Stop 4: Brandon Mental Health Centre Museum & Tour
If you are ever passing through Brandon, Manitoba I highly recommend stopping to view the Museum run by the volunteer association of the Brandon Mental Health Centre. If you know you’re on your way through, I would also call in advance and request a tour.
We spent an absolutely fantastic morning in Brandon with three of the Museum’s volunteers: Doug Smith (president of the association), Bill Hillman, and Len (who’s surname I did not catch unfortunately). They had all worked at BMHC prior to its closing in the late 1990s and were not only familiar with the institution’s history but had a number of interesting personal stories to share. [I should also add that I am extremely grateful to Mrs. Smith who kindly directed us to the property over the phone after we got horribly lost!]
The property is being transformed into the new campus of the Assiniboine Community College (ACC) and the Manitoba Institute of Culinary Arts so the Museum is in transition at the moment (they’re moving out of the basement of the main building and in to a smaller building on the property). Although they’re in a transitionary state with their collection in the process of being boxed up, it was still an incredible day. They’ve arranged the material by themes so that every room you enter tells you the history of a different aspect of the institution. Since opening in 1971 the Museum has collected all sorts of materials: uniforms, tables, chairs, patient art, medical bottles and cabinets, apparatus, dentist chair, beauty salon equipment, fire prevention tools, books, musical instruments, etc, etc.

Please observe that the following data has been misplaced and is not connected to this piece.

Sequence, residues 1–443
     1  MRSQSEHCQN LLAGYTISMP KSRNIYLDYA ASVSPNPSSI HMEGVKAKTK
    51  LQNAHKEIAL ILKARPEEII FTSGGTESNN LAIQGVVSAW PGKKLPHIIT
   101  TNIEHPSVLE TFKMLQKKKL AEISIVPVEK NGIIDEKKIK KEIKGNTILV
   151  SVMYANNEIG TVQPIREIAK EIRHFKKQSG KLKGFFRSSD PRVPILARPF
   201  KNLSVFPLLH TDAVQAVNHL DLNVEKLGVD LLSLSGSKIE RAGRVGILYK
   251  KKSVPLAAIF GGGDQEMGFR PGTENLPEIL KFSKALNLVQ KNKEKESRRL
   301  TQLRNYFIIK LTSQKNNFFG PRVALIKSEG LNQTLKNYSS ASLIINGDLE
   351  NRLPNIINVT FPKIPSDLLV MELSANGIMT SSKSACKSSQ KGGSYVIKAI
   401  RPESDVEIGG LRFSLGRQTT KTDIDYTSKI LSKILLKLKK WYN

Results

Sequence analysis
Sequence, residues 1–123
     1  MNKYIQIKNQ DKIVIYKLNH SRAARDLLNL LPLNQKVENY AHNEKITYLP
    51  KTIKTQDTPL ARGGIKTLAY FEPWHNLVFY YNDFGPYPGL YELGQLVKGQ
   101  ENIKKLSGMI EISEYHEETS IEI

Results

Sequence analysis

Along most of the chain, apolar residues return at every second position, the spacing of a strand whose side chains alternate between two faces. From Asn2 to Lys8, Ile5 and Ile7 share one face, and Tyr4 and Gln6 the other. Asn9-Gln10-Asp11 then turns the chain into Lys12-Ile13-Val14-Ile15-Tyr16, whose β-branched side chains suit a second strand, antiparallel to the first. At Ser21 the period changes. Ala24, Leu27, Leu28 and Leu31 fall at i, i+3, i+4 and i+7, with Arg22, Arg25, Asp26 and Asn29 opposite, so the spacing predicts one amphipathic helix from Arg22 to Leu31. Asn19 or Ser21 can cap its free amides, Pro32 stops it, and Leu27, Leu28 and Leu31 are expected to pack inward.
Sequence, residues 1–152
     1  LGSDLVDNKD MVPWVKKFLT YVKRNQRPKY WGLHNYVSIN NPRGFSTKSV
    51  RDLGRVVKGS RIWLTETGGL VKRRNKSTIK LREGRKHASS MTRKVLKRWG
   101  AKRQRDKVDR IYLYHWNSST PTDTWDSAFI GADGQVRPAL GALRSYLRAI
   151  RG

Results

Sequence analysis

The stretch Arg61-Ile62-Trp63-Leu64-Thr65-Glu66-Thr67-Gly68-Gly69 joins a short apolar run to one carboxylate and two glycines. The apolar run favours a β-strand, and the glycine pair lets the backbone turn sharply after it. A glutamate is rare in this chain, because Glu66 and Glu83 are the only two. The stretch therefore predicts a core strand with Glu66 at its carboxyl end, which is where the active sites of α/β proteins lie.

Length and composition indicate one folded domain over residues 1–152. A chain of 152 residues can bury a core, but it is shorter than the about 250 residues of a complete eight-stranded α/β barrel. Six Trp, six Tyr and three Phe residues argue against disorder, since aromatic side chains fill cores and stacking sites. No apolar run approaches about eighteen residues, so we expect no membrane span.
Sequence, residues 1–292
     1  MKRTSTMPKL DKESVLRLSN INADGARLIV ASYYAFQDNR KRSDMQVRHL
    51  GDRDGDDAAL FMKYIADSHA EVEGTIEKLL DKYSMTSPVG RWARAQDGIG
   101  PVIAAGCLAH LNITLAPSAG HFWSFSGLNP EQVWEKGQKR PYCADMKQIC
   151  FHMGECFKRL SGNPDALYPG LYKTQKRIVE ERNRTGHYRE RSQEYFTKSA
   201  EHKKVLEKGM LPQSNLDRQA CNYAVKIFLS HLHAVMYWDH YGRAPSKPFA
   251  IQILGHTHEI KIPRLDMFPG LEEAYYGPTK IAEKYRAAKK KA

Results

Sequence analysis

After viewing the rooms and digging through boxes and photo albums, we were taken on a tour of the interior of the main building. We even got to take the elevator that is still working! The rooms are empty now but in fairly good condition – they will be transformed but preserved by the ACC in the near future.
We were also taken for a drive around the campus and down to the first patient cemetery to see the cairn that lists all of the patient names on it. The cemetery was opened in 1898 and closed in 1925.
After the tour, Tim and I walked the grounds to take some more photos of the exteriors of the building. Then we drove down the road to the second cemetery which features a cairn like the first cemetery but also still has the individual markers of the individual plots – many of which still have the names on the stones.
It was an absolutely wonderful tour! I purchased the
history that was put together of the institution and features many early photographs and was given an aerial photograph of the property! I think I’ll have to come back once they’ve finished the relocation of the Museum!